From an interview she did with SPLC-designated “hate group leader” Tony Perkins yesterday, we learned (via TPM) that
Michele Bachmann is deeply disappointed with the American Jewish community for supporting President Barack Obama, whose policies she believes will reduce Israel to “rubble.”
1. Always good to tell people in a group you aren’t part of how they should feel and whom they should support.
2. Her religious support for Israel is based upon the premise that Jesus can’t come back unless a vibrant Israel is restored…and converted to Christianity…and then destroyed by The End of The World. (Really a fair-weather kind of support, isn’t it?) So why is she complaining about Israel being reduced to “rubble”? (Also: what rubble? The settlements are bigger than ever. I know she’s talking about the Iran sanctions, but still: c’mon son.)
3. When you say AIPAC — of all possible organizations to cite — has “sold out Israel” you’re officially so far outside the mainstream you don’t even know what the concept of a stream is.
Rep. Michele Bachmann (R-MN) revved up a huge crowd in Minneapolis by saying the New Strategic Arms Reduction Treaty would limit American response options to a diverse range of threats… including preventing a nuclear retaliation against a cyber attack. Whoa there, cowboy! Steve Benen (The Washington Monthly):
To be sure, attacks on a country’s computer networks can be severely damaging. But even Bachmann, as confused as she is, has to realize that responding to a cyber attack with a nuclear bomb would be the most insane act in the history of humanity. Does she understand what a nuclear bomb does?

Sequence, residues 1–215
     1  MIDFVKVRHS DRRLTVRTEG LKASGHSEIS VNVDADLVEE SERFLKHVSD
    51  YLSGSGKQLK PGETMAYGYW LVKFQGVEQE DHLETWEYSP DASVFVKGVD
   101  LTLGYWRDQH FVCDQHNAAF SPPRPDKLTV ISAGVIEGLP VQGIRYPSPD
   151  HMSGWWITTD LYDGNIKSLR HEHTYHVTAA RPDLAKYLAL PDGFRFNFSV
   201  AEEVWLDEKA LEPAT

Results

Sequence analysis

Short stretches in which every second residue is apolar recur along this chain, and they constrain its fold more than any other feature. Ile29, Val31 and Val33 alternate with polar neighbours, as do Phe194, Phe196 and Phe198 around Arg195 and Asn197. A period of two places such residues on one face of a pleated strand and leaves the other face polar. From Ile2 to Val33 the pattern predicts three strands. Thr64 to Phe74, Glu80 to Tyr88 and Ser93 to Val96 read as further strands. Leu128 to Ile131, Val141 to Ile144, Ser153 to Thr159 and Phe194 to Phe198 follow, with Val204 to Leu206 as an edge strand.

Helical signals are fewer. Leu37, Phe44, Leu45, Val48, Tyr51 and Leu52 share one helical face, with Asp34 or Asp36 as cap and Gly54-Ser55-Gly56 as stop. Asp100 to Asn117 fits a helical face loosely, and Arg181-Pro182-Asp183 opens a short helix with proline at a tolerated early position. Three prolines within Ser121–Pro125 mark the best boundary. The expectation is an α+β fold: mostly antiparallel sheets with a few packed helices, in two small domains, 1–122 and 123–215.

So to answer Bachmann’s question, no, the United States will not use a nuclear arsenal to respond to a cyber attack. That doesn’t mean we’d welcome a cyber attack; it doesn’t mean we’d let a cyber attack slide; it doesn’t mean our conventional weapons couldn’t serve as a sufficient deterrent.
It’s been said that the banning of above-ground nuclear weapons tests has been a major factor in an increasingly clueless American population on what power nukes really have. My entire generation and everyone after is post-Cold War, so we’re generally even more detached. The argument goes that without these tests to remind people visually of the awesome power of them, nuclear weapons become a dangerous abstraction. However, there are serious environmental and global health consequences to above-ground tests, which is partly why we don’t do them now.
But when elected officials like Bachmann start saying crazy stuff like this, I start to agree that America might benefit from one or two big, new tests just to jog the collective memory of the country.
Actual footage of Operation Castle Bravo:
You don’t screw around with nukes.
This post originally appeared on Starboard Broadside.